An Anglican priest in York, England has advised his poor congregants to get through hard times by shoplifting, distinguishing it morally from violent robbery, prostitution and burglary. The Daily Mail reported as follows on the stunning sermon by the Reverend Tim Jones.
'My advice, as a Christian priest, is to shoplift,' he told his stunned congregation at St Lawrence and St Hilda in York.
'I do not offer such advice because I think that stealing is a good thing, or because I think it is harmless, for it is neither.
'I would ask that they do not steal from small family businesses, but from large national businesses, knowing that the costs are ultimately passed on to the rest of us in the form of higher prices.
'I would ask them not to take any more than they need. I offer the advice with a heavy heart. Let my words not be misrepresented as a simplistic call for people to shoplift.
'The observation that shoplifting is the best option that some people are left with is a grim indictment of who we are."
Is this what passes for theology these days? Anyone who wants to can decide that they are poor enough and that someone else is rich enough to steal from. This is a moral slippery slope at the top of which stands people like Tim Jones.
He has created a polarised world in which there are given passes to break the laws against theft. The "rich" stores are the bad guys. What about the working stiffs who stock the shelves and work the cash registers? Is not a job such as that a social program of sorts? The very luxuries that Reverend Tim sneers at are feeding and clothing people. The hefty taxes paid by the British public fund a generous social welfare net. And yet Reverend Tim has decided to play god.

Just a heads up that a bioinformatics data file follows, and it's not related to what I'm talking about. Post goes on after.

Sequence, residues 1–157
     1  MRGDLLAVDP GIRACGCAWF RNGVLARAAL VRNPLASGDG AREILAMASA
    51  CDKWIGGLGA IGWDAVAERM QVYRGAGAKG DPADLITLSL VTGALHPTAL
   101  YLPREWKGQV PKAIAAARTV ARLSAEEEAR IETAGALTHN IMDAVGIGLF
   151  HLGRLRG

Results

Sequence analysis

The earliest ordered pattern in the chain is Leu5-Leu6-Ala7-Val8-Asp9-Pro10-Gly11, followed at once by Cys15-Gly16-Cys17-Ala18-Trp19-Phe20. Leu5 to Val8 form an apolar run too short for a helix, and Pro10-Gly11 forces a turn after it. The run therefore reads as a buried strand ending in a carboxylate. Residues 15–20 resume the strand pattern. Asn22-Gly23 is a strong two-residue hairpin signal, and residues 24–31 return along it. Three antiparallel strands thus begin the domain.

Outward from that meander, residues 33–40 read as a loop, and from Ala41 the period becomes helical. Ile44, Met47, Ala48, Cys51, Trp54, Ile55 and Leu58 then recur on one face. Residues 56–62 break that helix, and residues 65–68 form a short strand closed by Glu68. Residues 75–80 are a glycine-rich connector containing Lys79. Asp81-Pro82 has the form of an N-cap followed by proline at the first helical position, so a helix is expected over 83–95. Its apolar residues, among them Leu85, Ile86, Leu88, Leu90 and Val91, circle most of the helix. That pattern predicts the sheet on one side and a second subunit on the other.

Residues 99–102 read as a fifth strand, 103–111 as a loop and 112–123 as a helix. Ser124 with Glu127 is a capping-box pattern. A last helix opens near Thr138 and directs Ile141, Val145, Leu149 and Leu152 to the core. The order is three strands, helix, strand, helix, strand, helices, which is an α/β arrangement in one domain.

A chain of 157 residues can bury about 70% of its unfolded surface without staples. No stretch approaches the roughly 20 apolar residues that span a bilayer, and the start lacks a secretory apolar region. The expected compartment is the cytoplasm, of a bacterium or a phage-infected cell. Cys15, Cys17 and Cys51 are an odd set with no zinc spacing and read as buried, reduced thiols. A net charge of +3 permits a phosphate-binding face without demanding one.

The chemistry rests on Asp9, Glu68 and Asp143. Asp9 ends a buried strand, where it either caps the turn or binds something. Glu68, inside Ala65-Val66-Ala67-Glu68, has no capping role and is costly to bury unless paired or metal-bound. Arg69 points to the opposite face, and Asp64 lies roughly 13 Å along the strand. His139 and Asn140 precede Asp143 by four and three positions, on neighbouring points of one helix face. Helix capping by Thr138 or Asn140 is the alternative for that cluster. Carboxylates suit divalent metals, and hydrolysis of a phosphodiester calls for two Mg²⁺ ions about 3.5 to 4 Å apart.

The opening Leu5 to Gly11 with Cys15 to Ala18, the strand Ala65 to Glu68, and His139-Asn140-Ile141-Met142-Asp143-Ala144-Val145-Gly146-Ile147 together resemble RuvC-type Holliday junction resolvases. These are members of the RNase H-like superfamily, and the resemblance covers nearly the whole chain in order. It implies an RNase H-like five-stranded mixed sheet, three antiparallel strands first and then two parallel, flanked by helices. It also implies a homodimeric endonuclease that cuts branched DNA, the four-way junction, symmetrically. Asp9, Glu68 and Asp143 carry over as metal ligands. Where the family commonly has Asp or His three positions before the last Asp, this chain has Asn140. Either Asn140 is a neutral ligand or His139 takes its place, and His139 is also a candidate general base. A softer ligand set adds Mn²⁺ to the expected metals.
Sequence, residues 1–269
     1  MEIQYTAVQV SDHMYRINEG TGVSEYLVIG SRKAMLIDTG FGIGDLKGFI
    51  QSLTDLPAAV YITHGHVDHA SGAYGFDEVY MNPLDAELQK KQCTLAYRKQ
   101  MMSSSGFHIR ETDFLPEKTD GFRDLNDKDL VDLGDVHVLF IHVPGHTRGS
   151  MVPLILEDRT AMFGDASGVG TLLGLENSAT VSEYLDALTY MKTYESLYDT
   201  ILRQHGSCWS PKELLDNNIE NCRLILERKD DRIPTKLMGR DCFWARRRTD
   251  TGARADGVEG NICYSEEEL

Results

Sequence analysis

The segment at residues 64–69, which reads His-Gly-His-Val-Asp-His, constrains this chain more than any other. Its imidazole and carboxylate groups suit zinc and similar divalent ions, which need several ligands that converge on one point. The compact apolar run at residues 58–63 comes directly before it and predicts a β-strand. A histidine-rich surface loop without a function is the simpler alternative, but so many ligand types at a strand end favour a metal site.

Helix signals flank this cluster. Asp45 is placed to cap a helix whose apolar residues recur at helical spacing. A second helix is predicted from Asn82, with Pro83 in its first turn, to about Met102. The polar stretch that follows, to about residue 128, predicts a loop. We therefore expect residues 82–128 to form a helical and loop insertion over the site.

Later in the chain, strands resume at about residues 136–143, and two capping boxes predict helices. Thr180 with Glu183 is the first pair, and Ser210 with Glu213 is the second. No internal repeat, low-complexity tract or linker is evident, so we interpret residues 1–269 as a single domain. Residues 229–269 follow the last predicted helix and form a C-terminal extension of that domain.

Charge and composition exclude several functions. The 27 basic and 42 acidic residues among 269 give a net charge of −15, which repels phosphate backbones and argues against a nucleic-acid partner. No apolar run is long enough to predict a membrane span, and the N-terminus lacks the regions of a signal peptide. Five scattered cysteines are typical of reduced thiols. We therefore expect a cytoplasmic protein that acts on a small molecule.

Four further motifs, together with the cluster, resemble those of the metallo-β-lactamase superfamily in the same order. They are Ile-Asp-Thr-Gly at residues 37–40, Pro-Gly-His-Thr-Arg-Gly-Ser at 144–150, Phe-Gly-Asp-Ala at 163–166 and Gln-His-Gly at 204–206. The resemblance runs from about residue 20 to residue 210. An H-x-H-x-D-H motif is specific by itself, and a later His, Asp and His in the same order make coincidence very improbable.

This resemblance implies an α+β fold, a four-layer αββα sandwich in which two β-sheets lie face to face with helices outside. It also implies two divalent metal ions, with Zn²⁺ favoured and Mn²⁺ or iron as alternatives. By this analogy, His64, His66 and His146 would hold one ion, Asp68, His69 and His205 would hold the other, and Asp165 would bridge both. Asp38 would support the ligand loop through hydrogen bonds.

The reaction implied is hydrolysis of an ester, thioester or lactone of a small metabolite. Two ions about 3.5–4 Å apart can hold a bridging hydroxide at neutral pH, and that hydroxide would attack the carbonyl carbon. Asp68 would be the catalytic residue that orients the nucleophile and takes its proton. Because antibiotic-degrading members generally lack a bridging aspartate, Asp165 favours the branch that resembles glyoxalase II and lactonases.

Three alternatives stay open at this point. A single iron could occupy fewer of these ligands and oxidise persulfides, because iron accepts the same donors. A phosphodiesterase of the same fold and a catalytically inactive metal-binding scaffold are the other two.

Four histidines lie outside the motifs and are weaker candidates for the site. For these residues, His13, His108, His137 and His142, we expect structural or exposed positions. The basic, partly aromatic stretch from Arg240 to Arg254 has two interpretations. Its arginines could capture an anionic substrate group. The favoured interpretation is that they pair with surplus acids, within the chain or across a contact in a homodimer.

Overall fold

If such licence indeed exists, then others will want to play god as well. This will leave Britain with 61 million deities who will preside over person to person wealth redistribution. This is a theological adaptation that hardly resembles any known faith, including that ostensibly studied by Reverend Tim.
There are indeed inequities that put a burden on the poor. There is also private as well as governmental charity. There are also unions and consumer organisations that lobby for better treatment of workers. In the chaos that would inevitably result from following Reverend Tim, there would be far more hunger and actual poverty. Prosperity is ultimately founded upon an orderly society that embodies empathy and concern for others. Tim Jones advocates a self centred theology which is at its heart polytheistic. It is trendoid and counterproductive and a recipe for disaster. If he were a car, he would be recalled by his manufacturer. His divinity school should behave in a similar fashion. Sphere: Related Content